Björk and Iceland
Iceland is a nation whose general relationship with nature varies from other north European nations. The career of arguably their most famous musician is an expression of this.
Björk Guðmundsdóttir (b. 1965) is our eco-artist of the month for September. Björk grew up on a remote island nation of 372,000 people. On that island, there exists an Elf Lobby that has blocked roadwork and other construction projects to protect the habitats of the ‘hidden-folk’. While such beings survive only as fairy-tales in most European minds, elf-culture still holds political sway in Iceland, and there are seers who claim to communicate with them via telepathy. What led to Iceland’s uniqueness? Björk herself talks about this in a 2011 interview for her Biophilia project. While England and the rest of Europe had already been building factories for 200 years, Iceland was a suppressed Danish colony whose technological development remained in mediaeval times.
This led to Icelandic people living closely to wild nature, which accounts for 80% of their main island. Following their 1944 independence, they teleported straight from this cultural context to having the trappings of modern existence that most of us in the Global North were already familiar with – involvement in the neoliberal world financial system, videogame companies and internationally-touring popstars.
Ecology in Björk’s Music
Björk’s art from the past two decades is epitomic of Iceland’s simultaneous holding of two usually contrasted worlds. Of the ancient more natural world that’s usually seen as superstitious by the new, and the ‘brave new’ technological world that’s usually seen as nature-destroying by the old.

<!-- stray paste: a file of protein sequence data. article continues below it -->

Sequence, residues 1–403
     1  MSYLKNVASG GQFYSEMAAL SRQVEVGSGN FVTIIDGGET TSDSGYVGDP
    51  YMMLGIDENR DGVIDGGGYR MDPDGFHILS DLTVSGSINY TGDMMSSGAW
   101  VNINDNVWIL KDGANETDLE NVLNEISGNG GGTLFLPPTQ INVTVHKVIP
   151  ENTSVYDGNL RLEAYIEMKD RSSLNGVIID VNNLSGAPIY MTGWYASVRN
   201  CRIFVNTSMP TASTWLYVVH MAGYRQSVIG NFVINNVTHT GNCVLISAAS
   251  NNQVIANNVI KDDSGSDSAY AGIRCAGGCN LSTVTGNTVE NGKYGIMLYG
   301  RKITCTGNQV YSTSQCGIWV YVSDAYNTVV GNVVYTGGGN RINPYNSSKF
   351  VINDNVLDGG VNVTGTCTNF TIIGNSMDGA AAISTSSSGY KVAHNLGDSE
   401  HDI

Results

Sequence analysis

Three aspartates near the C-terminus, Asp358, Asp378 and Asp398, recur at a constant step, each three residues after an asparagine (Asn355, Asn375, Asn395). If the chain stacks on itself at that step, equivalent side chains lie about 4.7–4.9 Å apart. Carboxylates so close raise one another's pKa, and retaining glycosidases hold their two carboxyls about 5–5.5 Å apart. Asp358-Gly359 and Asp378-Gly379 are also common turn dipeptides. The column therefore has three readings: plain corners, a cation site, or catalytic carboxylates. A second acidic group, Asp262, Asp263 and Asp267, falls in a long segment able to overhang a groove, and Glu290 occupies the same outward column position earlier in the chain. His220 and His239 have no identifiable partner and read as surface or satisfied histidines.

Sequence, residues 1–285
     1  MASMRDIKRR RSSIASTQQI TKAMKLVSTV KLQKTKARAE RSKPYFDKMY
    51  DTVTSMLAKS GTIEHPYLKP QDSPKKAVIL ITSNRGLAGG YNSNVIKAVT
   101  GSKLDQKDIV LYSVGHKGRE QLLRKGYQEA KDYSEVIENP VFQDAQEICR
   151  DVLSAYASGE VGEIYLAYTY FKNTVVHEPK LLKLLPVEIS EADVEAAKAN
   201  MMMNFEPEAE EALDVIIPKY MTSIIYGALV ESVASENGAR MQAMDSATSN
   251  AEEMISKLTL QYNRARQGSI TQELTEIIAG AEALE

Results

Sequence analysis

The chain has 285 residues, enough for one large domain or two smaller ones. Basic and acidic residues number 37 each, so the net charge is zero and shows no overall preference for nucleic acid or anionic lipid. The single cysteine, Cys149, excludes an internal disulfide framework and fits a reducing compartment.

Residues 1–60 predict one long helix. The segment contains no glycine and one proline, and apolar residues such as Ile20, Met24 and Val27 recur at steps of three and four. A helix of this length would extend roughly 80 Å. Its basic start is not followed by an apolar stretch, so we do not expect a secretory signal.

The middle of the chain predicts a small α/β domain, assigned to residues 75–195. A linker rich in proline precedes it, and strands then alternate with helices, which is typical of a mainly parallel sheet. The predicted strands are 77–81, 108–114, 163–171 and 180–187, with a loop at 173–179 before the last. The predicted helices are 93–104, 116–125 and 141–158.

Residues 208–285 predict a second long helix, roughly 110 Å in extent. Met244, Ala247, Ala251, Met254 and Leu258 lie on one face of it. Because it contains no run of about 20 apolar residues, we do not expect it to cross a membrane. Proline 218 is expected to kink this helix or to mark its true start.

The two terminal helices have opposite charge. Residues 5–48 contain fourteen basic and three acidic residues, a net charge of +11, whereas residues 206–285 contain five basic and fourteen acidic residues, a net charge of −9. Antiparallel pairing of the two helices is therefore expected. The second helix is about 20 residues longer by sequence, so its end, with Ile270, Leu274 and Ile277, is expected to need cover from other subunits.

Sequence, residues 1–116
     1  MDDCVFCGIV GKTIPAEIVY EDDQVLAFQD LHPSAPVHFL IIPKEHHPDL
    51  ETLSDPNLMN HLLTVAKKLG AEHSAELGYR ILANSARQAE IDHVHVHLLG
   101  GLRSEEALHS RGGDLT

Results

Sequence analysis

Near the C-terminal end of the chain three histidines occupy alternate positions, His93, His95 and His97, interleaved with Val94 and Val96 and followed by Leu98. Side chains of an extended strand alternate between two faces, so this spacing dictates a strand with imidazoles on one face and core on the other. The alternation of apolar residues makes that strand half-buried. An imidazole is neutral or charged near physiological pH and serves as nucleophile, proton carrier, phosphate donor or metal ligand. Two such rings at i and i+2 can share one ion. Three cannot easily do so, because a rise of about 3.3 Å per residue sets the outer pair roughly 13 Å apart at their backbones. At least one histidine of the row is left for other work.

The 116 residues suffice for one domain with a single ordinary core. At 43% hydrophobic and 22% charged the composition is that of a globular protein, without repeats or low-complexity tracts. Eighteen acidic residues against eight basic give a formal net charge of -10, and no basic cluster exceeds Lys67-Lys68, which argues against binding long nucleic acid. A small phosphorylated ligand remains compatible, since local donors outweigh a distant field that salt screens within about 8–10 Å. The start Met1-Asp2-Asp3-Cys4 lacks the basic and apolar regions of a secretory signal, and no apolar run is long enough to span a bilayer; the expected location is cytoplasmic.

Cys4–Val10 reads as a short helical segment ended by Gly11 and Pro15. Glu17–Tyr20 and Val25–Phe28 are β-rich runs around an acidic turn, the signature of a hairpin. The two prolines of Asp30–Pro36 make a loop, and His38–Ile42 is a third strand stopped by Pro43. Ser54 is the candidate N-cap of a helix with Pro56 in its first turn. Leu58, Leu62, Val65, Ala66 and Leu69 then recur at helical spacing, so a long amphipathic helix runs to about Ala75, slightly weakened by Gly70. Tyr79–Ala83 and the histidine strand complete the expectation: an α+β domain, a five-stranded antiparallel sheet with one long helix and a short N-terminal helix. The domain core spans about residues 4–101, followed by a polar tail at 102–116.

For example, the aforementioned Biophilia. The album extension of Biophilia is comprised of tracks named after natural processes, e.g.: ‘Thunderbolt’, ‘Dark Matter’, ‘Virus’, and ‘Solstice’. Dark matter and viruses are phenomena in nature that have always surrounded us, but that have only come into human awareness in recent times thanks to technological and scientific innovation.
And in Biophilia’s soundscape, Björk doesn’t clichédly opt for ‘earthy’ stripped-back acoustic instruments to communicate her love of nature. She instead went so far as to invent new instrument technologies in order to capture natural sounds. For example, tesla-coils to represent electricity and pendulum harps for gravity.
A grander idea is at work here. Björk asked Dr Nicola Dibben who lectures in science and psychology of music at University of Sheffield to write the intro to a leaflet handed out during the Biophilia live-shows. It read:
“Biophilia celebrates natural phenomena from the atomic to the cosmic, and presents musical sound as part of a whole. Biophilia’s celebration of scientific discovery and new technologies takes us forward into nature – the idea that, by combining nature with new technology we can create a more sustainable future.”
The possibility of such a harmonious techno-natural future remains to be seen as our history unfolds. However, it is telling that Björk made an hour-long Channel 4 documentary with David Attenborough, who inspires millions of people around the world to come closer to nature through the latest filmmaking technologies and scientific discoveries.
‘Biophilia’ itself is a term popularised by psychoanalyst Erich Fromm and biologist Edward O. Wilson to mean, “the rich, natural pleasure that comes from being surrounded by living organisms”. It is often used to denote a desire, an innate need, of humans to come closer to nature and to life.
Björk still contends with the aspect of modern human innovation, which sees humans encroaching destructively too far into the rest of nature. Her Volta song ‘Earth-Intruders’ which warns against ‘metallic carnage’ and steamrollers exemplifies this. Her song ‘Náttúra’ featuring Thom Yorke was even released as part of a campaign to stop Icelandic industrialists from creating new aluminium factories in the Icelandic highlands.
There is of course a contradiction that catches many internationally-active famous nature lovers who otherwise fight for a more sustainable Earth, especially touring musicians. It takes a lot of carbon to bring a show like Biophilia around the planet.
Björk is aware of such criticisms. and in recent years, rarely exceeds ten concerts in a year. That’s much less than most musicians operating on her scale.
(Written by Callum Bruce Bell)